Still, Steinberg said he isn’t convinced that “Million Dollar Listing New York” is the best introduction to the business. By his lights, the series has “harmed new brokers terribly who enter an industry plagued with a bad reputation. For those wanting to enter the industry, [the show] makes it look so easy and quick … which is not the case. The level of inaccuracies is alarming.”

What is your take on the impact of reality television on New York’s real estate scene? Please weigh in with your thoughts in the comment section below.

  • Barbara

    Having sold real estate in New Jersey for over 30 years I can attest to the fact that it is not as easy as portrayed. And I do agree with broker – client confidentiality. In some episodes I have to wonder how a client would feel if he thought that was the way transactions are handled.

  • Char4Dew

    This show destroys industry credibility. I thought that from the first time I saw it. I don’t even watch it, because I hate the way they do business or portray their business.
    but if REBNY would be the old REBNY they would not be allowed to do half the BS they do….but REBNY is definitely not what it was, neither is the validity of us having a respectable industry as we did when REBNY was what they should be.

    • Ann Imperatore

      I had reached out to REBNY for a statement when I began writing this piece, but I did not get a response.

      • Char4Dew

        Good Idea to reach out to them but I do not expect them to reply. The old REBNY would have replied. :) the new current one has to hide, unless they are talking politics and going after Cuomo who is a very far throw from his successful and accomplished Dad.

  • Eric

    Why doesn’t the article mention that Steinberg was bested by Eklund as top GCI at Elliman in 2013? I think that’s really a core contention Steinberg has with the show (and possibly why he left Elliman). Someone once compared Eklund to Trump during a Q&A with Steinberg, and he refused to acknowledge that media is an incredibly powerful tool. IMO the show is 70% ludicrous/30% accurate, take from it what you will.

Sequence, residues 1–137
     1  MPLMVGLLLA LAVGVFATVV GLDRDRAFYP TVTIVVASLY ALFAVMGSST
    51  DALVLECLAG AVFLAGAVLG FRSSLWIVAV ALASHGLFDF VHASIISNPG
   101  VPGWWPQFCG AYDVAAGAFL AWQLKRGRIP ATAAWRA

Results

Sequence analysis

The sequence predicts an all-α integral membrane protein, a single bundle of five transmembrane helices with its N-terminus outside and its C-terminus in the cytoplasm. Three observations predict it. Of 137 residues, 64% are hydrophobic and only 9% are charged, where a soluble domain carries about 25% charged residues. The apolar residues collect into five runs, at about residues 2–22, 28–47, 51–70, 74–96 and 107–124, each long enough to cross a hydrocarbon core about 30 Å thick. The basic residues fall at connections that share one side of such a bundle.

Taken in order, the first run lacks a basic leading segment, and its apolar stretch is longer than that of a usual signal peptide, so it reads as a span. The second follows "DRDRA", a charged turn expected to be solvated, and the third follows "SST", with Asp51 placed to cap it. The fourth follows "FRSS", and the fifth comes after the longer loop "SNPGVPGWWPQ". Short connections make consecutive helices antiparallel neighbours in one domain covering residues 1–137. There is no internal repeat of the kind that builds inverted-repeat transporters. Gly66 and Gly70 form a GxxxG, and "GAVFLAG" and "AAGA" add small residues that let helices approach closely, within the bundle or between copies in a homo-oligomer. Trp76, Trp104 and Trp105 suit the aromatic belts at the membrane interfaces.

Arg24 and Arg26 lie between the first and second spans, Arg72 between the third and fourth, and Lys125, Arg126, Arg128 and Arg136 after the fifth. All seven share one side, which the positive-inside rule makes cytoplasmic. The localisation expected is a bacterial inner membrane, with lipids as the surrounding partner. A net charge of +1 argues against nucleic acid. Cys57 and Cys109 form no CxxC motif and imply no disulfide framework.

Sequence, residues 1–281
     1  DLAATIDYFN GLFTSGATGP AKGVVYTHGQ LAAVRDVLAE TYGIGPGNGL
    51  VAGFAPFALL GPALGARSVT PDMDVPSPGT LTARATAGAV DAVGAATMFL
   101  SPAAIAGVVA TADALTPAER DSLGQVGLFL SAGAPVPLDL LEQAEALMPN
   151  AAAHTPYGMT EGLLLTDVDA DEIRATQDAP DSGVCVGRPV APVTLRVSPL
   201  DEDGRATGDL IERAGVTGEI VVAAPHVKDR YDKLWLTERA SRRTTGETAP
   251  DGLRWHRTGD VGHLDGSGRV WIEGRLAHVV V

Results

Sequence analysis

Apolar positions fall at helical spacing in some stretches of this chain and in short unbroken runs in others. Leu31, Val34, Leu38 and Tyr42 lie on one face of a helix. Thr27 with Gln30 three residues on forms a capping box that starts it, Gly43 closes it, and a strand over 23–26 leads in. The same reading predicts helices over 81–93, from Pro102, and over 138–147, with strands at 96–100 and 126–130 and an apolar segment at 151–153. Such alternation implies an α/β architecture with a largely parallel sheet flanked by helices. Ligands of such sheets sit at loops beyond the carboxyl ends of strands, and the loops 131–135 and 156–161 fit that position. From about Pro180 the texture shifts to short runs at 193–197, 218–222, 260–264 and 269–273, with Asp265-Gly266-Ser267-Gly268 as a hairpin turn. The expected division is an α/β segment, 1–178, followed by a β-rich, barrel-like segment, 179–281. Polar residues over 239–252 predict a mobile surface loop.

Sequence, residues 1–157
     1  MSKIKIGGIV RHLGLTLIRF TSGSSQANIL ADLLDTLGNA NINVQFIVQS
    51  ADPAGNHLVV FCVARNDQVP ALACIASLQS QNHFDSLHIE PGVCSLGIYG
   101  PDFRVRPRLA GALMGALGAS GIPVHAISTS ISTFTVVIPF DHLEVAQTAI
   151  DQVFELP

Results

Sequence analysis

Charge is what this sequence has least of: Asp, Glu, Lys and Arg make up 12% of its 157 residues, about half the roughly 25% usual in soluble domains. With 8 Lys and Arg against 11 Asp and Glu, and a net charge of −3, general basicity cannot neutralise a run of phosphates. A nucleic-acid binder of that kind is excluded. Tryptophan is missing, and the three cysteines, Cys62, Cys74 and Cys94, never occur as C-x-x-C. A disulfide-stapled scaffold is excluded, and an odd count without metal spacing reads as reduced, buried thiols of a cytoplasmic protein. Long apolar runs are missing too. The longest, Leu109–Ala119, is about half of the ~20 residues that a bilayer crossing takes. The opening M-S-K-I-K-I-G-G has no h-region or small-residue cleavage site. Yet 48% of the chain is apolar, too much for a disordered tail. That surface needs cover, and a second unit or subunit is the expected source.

• Leonard Steinberg

      FACT CHECK: I was the ONLY broker to publicly congratulate the other brokers who beat my team in 2013. See here: http://www.luxuryloft.com/blog/2014/06/the-jills-are-the-number-one-team-in-the-usa-nationwide/
      THE JILLS, CARRIE CHIANG, etc do not have TV shows and are doing quite well, and have been doing so for decades. In fact THE JILLS have been #1 NATIONWIDE many years in a row and they can actually claim that title honestly. In fact they do DOUBLE the volume of some teams who claim to be #1.

      My problem with these shows is that their levels of inaccuracies are indeed painful. And they are damaging to an industry plagued already with a bad reputation. A good show that was factual and entertaining would get my full endorsement.

  • STEPHANIE

    THE SHOW JUST AFFIRMS WHY PEOPLE EQUATE REAL ESTATE BROKERS TO USED CAR SALESMAN. WE ARE NOT ALL LIKE THAT…..FROM PORNO TO PROPERTIES—-EMABARRASING.

  • Christian Emanuel

    Dolly Lenz, Michael Shvo, Douglas Elliman, Edward Lee Cave – all better real estate agents than Serhant, Eklund, and Ortiz, all made more money, and all avoided the press like the plague.

  • art

    Enough already as we all have tired of these unrealistic reality real estate shows!
    Core and Kleier’s agents at least have class and show professionalism.
    M$ Listing NYC should be cancelled next as those in real estate are embarrassed on how these agents act as if it is the norm when it is not! It does a disservice to the real estate community. Most agents would be fired from their associated firms if they behaved as unprofessional and outlandish as Elliman’s Fredrik and Luis…right!?

  • James

    The show is a complete joke and everybody knows it. Congrats that the three boys on the show have increased their own personal bottom lines. But the show has done nothing for the industry except make us look like desperate blood-sucking vampires. It’s simply awful and has virtually nothing to do with the ‘real’ real estate business.

  • bill

    just saw a gay video with Fredrik sucking and fucking at good gay tube ” tthis chab hole pt 2

  • Veronica

    I live in London and I find the show extremely entertaining, i love evrything about it. I dont expect it to be 100% accurate, I want it to be entertaining and it is all that and more. Well done boys, you got me hooked on it from UK. Beats the hell out desperate housewifes of LA:)